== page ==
Justice – then and now

In recent weeks further historical cases of sexual abuse have been initiated against Rolf Harris and Bill Cosby, some dating back over 40 years.

The Royal Commission into Institutional Responses to Childhood Sexual Abuse is also investigating claims dating back that far.

Germany has swooped on three elderly former guards who served at the Nazi death camp Auschwitz in WW2 where 1.1 million Jews were exterminated. Those seized are all men aged 88, 92 and 94. The 94 year old has been charged over the murders of 3,681 people at the Auschwitz extermination camp during the Second World War.

Some would ask what purpose it serves to spend all this time and money on events that occurred up to and over half a century ago.

Because for all those years the victims have existed in their shame and disgust and terror and grief, with their locked in secrets destroying them from the inside.

Some would ask, and I have heard women my age say it, “I don’t believe it, why wouldn’t they have told someone then?”

Here, the reasons become too many to list. Shame, brainwashing – being told it is your fault, no one will believe you, you will be responsible for the break-up of the family etc. Disbelief and sheer terror, to the point – as in my case – where your brain destroys any memory of your existence just to stay sane – in some absurd belief it would protect you.

But wrong!
The implicit (unknown) memories haunt and demonise you for a lifetime.

For the Auschwitz survivors PTSD was unheard of. They were probably so grateful to be released they never considered justice.

But society has evolved. What was accepted then is not accepted now. Today we have human rights that say you cannot discriminate against any person with the following characteristics. It also refers to not being able to victimise, harass or bully any person with these characteristics.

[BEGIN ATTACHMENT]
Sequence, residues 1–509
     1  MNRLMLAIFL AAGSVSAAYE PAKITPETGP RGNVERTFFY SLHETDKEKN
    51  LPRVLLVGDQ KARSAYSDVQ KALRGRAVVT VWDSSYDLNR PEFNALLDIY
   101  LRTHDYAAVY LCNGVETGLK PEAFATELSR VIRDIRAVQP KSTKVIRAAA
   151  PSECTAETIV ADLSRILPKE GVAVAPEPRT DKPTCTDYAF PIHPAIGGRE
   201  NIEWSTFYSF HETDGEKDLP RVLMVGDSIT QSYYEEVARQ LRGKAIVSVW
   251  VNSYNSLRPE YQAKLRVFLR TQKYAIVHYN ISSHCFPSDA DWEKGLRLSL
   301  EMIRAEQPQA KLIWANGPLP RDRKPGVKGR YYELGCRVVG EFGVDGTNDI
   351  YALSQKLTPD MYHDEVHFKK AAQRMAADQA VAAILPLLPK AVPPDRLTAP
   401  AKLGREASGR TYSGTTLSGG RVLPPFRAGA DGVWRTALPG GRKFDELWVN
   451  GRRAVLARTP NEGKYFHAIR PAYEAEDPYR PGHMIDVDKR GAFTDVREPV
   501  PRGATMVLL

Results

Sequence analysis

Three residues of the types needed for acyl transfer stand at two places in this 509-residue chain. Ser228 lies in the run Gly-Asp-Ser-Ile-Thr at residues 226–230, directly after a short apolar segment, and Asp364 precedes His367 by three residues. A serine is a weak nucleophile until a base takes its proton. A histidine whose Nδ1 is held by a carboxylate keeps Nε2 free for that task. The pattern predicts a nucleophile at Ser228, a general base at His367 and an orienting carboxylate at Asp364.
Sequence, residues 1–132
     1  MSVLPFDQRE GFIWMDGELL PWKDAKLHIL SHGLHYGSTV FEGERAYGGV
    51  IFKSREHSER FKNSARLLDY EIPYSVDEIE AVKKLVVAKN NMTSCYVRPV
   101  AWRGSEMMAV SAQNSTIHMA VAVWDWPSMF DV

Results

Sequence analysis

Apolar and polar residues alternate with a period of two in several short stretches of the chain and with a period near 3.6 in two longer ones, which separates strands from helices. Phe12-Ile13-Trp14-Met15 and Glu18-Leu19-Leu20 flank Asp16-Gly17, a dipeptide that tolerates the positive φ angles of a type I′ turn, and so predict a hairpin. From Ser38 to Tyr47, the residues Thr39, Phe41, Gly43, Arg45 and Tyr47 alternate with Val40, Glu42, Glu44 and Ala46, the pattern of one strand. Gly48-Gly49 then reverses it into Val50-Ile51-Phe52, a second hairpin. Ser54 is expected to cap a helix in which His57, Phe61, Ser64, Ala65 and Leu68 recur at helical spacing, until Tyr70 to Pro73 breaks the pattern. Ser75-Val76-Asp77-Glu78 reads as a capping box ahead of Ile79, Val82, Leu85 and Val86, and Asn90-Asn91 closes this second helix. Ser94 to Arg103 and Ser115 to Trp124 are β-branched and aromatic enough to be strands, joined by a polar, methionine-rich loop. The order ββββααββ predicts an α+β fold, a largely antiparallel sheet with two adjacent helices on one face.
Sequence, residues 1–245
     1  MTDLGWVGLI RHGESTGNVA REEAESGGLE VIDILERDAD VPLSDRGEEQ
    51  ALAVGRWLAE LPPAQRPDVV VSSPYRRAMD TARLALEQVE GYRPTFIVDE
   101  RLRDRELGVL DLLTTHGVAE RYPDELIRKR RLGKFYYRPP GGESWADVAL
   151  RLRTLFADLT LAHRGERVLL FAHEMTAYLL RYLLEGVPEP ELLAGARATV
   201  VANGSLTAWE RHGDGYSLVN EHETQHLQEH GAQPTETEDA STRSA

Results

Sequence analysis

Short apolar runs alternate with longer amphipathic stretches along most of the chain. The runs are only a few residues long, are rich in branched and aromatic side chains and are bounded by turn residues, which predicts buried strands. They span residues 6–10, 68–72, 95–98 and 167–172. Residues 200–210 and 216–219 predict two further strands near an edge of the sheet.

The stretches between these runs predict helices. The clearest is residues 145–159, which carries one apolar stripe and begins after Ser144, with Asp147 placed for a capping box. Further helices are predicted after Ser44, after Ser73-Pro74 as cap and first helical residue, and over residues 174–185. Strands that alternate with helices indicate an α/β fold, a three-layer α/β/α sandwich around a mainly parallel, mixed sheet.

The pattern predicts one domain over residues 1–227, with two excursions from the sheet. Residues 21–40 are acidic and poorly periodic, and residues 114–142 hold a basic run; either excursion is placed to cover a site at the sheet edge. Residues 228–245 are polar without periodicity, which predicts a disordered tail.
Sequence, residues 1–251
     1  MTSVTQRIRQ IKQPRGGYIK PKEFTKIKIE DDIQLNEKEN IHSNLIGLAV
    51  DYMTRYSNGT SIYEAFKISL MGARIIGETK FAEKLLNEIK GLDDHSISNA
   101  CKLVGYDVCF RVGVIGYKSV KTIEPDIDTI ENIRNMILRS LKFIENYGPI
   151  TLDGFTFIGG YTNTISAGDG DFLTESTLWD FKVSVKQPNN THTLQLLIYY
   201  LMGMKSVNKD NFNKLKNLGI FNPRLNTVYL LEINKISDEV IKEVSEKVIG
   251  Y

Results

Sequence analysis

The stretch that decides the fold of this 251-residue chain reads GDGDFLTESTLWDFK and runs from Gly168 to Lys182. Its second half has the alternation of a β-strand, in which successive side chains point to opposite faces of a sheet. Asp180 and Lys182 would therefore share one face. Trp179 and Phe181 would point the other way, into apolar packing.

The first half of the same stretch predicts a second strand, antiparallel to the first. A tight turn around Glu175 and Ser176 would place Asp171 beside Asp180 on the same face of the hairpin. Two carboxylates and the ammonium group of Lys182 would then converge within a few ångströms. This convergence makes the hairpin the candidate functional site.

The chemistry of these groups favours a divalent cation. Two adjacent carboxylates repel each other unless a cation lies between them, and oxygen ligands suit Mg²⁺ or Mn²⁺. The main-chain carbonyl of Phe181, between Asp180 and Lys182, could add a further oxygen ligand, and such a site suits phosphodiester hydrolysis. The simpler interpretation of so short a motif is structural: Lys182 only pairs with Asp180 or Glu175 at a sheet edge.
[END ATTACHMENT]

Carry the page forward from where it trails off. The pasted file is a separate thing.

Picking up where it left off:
• age
• carer and parental status
• disability (including physical, sensory and intellectual disability, work related injury, medical conditions, and mental, psychological and learning disabilities)
• employment activity
• gender identity, lawful sexual activity and sexual orientation
• industrial activity
• marital status
• physical features
• political belief or activity
• pregnancy and breastfeeding
• race (including colour, nationality, ethnicity and ethnic origin)
• religious belief or activity
• sex
• expunged homosexual conviction
• personal association with someone who has, or is assumed to have, one of these personal characteristics.

However, what my current situation has uncovered is that apparently, if you have a history of childhood sexual abuse, you are not protected from being derided, shamed, insulted and demeaned or potentially discriminated against. You do not fit any of these characteristics. So I will fight to bring attention to this. As more and more people are being encouraged to ‘come out’ and share their stories they should have the right to do so without fear of further verbal abuse and insults, the right to be protected.

After taking 50+ years to face my story, for which there was no justice, I do not have 50 years to wait for justice for my present situation.